Vishakha Choudhary | email@example.com
The significant threat posed by disinformation campaigns in armed conflicts is not a novel concern. Its first prominent manifestation can be traced back to a fabricated telegram alleging the sabotage of the cruiser USS Maine, which led to the outbreak of the Spanish-American War. Arquilla and Ronfeldt, leading academicians on Cyber warfare, describe this phenomenon as ‘Netwar’, the process of “trying to disrupt, damage, or modify what a target population ‘knows’ or thinks it knows”.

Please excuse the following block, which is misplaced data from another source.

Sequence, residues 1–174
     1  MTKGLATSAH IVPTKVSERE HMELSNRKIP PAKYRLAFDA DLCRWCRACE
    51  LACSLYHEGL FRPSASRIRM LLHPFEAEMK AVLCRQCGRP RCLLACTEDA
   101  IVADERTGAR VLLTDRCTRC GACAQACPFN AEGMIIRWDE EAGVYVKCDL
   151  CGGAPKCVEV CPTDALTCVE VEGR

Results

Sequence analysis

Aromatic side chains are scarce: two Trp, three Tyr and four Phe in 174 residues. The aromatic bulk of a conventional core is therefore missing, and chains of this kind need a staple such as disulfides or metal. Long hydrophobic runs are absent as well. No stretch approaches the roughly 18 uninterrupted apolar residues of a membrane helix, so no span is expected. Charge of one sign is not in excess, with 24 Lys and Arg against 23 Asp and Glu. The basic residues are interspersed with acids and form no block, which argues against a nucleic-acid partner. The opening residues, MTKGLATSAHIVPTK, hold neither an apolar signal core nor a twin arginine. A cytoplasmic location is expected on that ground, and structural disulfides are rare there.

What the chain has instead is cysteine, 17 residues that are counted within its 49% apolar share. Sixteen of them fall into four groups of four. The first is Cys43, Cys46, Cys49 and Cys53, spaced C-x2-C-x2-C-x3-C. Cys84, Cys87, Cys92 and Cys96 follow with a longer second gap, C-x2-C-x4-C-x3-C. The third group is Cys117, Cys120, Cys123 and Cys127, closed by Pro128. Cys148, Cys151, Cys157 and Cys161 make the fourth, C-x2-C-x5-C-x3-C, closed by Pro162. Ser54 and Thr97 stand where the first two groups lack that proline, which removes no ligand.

As traditional methods of warfare invite increased scrutiny, resort to Netwar has become commonplace, fueled by the proliferation of media platforms. Fake news disseminated through Facebook was instrumental in inciting persecution of Rohingyas in Myanmar and information broadcasted over the radio fuelled hate crimes against Tutsis in Rwanda. Moreover, Russian cyber operations have reportedly led to a diplomatic crisis in the Gulf since 2017 and spurred an internal conflict in Ukraine. Pertinently, non-state actors have also turned to disinformation campaigns to advance their cause, as evinced by ISIS’s twitter operations. This post discusses the enforceability and fortitude of International Humanitarian Law (‘IHL’) norms against this form of information warfare. Continue reading